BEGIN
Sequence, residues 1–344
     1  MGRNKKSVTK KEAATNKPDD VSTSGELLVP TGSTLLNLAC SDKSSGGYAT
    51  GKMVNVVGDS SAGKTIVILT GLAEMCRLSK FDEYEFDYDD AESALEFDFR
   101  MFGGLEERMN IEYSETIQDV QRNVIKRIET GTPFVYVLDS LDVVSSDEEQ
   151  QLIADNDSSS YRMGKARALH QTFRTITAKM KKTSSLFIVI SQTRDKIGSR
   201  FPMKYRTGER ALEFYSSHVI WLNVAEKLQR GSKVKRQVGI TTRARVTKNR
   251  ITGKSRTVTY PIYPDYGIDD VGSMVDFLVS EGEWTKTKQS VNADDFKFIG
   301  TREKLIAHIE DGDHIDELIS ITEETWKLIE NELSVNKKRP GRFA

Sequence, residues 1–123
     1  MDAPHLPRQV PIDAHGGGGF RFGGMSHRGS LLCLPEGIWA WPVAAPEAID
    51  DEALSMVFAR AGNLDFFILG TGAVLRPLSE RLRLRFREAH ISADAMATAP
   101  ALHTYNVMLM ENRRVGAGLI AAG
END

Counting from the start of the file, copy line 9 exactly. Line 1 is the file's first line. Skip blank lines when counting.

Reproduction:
Sequence, residues 1–123